After her arrest, the press loved to harp on the fact that a Domino’s pizza order to a hotel room in Tennessee was the thing that finally took the famed vegan chef Sarma Melngailis down. Of course, the pizza wasn’t for Melngailis, who remained a strict vegan even after she lost her New York City restaurant, drained her bank accounts, and went on the run for over a year with her husband Anthony Strangis. The pizza was for him—in fact, the whole saga was orchestrated by Strangis according to Netflix’s latest true crime offering Bad Vegan: Fame. Fraud. Fugitives.; the new documentary portrays him as someone who manipulated and controlled Melngailis for years in order to support his gambling addiction. Featuring interviews with Melngailis herself, her family, friends, plus investors and staff of her restaurant, the four-episode series sheds a new light on what was once regarded as a scandalous story of a very bad vegan.
Before she met Anthony Strangis, Sarma Melngailis was a successful restaurateur and author. Her Gramercy restaurant Pure Food and Wine was a favorite among celebrities such as Alec Baldwin, Anne Hathaway, Rooney Mara, and others, and back in 2004 when it opened, she was a pioneer in the raw food movement. In 2011, Melngailis met Anthony Strangis (who called himself Shane Fox) over Twitter, as he was tweeting to her friend Alec Baldwin, who he appeared to know. She met Strangis in person in November 2011 and began a relationship.
Netflix’s docuseries recounts in detail the bizarre series of events that followed. Over time, Strangis allegedly isolated Melngailis from her friends, coworkers, and family, and convinced her that he had access to a great fortune and could pay off her debts if she only trusted him. He also allegedly told Melngailis he was some sort of secret agent, and so she had to give all of her passwords over to his “security” (which was really just himself) in order for them to secure her accounts. She even eventually believed that Strangis could make her beloved dog Leon immortal if she passed her tests and joined his secret society. Her “tests” usually consisted of her requiring her to wire him whatever amount of money he requested—at the expense of paying her bills, her investors, and even her restaurant staff. According to the Netflix series, he used classic coercive control tactics such as isolation, monitoring activity, restricting autonomy, sexual humiliation, and gaslighting in order to achieve control over Melngailis and her money. The couple were secretly married in December of 2012.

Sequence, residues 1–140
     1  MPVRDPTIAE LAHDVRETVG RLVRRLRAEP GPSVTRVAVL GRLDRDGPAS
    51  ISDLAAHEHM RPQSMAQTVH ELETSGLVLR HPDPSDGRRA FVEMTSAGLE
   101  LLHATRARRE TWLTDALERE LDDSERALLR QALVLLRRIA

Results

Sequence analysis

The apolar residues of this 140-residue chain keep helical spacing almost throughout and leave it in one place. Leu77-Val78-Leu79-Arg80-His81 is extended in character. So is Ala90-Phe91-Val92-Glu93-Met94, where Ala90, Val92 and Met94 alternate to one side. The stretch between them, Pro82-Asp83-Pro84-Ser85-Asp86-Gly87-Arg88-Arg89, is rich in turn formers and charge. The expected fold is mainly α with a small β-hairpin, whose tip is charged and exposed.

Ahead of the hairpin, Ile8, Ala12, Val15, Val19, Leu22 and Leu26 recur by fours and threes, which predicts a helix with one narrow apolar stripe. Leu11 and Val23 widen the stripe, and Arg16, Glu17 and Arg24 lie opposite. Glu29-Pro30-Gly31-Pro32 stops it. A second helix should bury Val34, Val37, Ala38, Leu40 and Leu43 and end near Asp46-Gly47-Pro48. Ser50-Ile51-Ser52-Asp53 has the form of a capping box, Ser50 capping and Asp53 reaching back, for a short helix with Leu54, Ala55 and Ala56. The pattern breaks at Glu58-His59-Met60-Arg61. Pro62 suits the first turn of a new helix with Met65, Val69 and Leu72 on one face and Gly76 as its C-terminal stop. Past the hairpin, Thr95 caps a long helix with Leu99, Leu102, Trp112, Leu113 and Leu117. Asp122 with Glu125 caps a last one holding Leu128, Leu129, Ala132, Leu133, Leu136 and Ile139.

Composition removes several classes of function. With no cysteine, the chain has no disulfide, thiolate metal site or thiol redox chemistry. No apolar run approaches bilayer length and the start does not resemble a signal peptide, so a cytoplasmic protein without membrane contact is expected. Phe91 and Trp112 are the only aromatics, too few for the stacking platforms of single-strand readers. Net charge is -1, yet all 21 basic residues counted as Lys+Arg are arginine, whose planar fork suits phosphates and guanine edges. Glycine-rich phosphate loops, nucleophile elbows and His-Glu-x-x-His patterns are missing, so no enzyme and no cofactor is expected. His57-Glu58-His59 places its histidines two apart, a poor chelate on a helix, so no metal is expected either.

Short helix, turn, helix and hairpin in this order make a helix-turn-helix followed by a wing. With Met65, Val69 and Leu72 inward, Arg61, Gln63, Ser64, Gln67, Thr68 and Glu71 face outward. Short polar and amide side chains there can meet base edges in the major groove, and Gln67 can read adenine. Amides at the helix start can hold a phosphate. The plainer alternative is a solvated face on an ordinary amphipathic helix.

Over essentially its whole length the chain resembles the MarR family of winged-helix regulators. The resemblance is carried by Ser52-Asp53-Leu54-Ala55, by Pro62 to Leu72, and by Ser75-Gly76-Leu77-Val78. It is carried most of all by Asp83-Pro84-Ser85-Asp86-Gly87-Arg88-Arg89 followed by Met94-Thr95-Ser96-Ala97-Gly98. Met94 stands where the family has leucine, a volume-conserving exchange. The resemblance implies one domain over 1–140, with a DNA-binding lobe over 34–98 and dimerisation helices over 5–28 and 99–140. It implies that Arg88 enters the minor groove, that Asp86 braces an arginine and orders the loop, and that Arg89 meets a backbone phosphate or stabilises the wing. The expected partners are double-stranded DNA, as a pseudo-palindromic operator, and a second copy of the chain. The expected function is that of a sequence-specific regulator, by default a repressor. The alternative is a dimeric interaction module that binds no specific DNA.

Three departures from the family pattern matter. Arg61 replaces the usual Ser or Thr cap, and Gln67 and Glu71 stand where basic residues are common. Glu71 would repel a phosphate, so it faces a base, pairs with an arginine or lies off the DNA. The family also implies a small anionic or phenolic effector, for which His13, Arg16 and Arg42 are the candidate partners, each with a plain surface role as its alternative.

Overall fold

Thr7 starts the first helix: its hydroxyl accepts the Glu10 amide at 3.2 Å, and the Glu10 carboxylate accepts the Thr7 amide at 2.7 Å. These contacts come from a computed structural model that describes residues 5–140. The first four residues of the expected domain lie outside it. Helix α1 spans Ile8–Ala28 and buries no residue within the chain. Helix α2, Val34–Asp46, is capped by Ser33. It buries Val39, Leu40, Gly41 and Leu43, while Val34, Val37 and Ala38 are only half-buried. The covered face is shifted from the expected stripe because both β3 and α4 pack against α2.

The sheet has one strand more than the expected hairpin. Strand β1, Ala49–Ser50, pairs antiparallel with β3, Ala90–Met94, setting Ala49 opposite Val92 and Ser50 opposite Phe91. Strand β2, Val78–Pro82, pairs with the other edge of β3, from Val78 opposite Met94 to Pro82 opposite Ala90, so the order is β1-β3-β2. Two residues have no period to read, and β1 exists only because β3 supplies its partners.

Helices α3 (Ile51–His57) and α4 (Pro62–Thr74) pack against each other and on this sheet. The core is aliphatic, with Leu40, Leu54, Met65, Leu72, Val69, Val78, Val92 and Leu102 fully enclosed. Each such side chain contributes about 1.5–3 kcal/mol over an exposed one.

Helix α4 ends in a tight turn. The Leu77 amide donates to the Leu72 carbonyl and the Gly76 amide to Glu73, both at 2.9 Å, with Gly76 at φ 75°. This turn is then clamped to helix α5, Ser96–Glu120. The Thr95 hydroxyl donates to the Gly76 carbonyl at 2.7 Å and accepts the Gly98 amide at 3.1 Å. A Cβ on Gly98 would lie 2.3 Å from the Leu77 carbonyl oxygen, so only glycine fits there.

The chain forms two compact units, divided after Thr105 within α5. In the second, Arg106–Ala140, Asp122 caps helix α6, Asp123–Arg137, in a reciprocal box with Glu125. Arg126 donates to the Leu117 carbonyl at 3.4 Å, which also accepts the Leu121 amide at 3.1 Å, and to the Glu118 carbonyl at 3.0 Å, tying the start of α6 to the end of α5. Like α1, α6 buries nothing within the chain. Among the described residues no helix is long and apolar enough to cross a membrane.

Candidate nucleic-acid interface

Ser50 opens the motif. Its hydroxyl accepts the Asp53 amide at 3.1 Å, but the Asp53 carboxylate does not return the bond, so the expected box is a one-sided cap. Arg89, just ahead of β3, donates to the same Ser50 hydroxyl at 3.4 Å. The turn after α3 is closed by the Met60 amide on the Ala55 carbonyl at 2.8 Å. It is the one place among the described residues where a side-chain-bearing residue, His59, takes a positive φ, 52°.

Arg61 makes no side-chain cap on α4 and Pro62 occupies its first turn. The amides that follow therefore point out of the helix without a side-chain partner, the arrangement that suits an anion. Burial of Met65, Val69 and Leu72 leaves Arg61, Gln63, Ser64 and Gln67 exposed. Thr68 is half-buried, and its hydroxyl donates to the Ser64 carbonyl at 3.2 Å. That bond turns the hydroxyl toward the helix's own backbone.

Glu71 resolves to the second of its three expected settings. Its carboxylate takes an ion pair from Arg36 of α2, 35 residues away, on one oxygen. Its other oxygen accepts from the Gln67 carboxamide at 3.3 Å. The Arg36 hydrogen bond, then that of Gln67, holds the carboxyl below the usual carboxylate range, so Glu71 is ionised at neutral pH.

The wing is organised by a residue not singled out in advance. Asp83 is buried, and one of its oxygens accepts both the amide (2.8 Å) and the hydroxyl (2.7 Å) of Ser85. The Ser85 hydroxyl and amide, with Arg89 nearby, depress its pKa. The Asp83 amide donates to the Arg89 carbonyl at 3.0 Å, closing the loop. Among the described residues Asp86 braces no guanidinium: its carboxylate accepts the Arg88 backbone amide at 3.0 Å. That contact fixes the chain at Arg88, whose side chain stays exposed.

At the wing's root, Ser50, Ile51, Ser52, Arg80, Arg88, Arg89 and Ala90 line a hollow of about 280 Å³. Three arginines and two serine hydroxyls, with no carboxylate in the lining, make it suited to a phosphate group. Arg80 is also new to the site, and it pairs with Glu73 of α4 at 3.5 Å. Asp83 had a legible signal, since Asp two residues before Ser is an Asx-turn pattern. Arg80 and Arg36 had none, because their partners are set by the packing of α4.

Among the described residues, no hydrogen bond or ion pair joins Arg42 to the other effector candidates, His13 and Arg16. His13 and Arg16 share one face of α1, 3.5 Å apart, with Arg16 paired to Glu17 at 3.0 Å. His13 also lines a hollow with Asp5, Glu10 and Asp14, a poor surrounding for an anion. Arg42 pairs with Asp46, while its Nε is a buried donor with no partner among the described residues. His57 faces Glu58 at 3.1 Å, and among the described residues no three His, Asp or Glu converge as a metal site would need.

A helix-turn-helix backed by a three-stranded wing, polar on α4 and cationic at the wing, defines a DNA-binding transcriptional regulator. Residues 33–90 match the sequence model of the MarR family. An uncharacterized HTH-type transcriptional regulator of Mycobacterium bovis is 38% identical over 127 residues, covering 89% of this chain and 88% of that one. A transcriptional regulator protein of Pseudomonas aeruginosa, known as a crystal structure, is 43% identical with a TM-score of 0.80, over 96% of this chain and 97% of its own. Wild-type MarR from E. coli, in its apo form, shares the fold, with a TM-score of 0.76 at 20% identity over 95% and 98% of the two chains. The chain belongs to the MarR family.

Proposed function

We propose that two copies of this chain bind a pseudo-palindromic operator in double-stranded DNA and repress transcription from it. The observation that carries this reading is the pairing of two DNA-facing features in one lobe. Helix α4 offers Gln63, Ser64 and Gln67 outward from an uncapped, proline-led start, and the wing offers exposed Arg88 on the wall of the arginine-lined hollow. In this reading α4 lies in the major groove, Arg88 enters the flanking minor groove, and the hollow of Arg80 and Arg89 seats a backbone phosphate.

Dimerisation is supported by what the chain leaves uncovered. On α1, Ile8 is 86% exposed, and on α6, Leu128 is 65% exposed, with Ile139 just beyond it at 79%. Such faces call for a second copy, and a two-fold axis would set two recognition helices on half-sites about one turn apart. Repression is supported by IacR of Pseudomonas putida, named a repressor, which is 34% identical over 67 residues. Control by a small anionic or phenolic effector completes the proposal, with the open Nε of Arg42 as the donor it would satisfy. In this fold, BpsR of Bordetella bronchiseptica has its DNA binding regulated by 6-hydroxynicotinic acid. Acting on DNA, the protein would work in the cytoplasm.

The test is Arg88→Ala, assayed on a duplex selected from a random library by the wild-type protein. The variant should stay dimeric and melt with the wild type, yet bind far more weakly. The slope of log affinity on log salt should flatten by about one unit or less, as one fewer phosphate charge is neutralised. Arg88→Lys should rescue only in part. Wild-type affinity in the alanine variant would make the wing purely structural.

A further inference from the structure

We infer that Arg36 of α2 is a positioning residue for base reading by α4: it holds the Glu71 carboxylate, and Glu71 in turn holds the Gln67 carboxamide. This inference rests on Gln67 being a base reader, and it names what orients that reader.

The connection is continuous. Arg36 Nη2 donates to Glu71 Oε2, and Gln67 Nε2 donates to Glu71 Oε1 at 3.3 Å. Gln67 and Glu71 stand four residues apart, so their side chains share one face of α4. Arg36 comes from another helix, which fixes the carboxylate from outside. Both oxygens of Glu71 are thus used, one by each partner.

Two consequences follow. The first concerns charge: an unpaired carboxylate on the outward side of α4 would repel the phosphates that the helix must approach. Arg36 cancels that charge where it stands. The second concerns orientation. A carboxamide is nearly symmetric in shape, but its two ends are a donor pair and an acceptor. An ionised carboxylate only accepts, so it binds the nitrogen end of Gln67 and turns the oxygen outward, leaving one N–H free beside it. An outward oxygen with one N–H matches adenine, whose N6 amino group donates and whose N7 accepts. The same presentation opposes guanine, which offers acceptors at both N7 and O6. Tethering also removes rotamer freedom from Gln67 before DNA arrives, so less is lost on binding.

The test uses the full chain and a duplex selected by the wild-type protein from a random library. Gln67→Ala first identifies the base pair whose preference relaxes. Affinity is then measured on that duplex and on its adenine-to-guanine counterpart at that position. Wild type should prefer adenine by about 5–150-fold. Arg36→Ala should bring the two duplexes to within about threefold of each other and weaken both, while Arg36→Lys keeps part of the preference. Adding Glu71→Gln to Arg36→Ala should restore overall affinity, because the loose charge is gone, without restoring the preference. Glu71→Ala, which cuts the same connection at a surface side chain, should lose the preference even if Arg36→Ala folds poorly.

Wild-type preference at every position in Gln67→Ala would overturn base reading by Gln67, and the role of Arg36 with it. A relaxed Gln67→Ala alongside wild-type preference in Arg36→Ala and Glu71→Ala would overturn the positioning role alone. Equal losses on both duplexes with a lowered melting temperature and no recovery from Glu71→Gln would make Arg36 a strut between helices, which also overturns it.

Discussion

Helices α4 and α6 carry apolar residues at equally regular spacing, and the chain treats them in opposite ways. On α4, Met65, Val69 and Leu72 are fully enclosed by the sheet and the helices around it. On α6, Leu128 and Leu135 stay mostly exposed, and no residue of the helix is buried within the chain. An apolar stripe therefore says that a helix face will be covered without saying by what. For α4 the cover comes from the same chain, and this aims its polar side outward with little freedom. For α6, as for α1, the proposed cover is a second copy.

According to her 2017 indictment, in total Melngailis transferred over $1.6 million from her business accounts to her personal bank account and then to Strangis over a period of a few years. Strangis, in this time, spent $1.2 million of this money at Connecticut casinos and hotels. (He told Sarma he was off on top secret, dangerous missions during these absences.) This continued until 2014, when Sarma was unable to pay her staff for several months, which resulted in them going on strike. In February 2015, Melngailis went to her investors and asked for more support in order to help her reopen the restaurant, falsely explaining that she had needed the money the previous year to help her mother. After she raised $844,000, Pure Food and Wine reopened in April 2015. According to the DA’s office, in June of 2015, Melngailis took $400,000 total from the restaurant’s business accounts, transferring over $300,000 of that money to the Foxwoods Casino on behalf of Strangis. The pair then disappeared from New York. Pure Food and Wine shuttered for good in July of 2015, after 84 workers were owed up to $3,500 each, for a total of over $40,000. (At this time, Melngailis also owed New York State over $400,000 in sales tax.)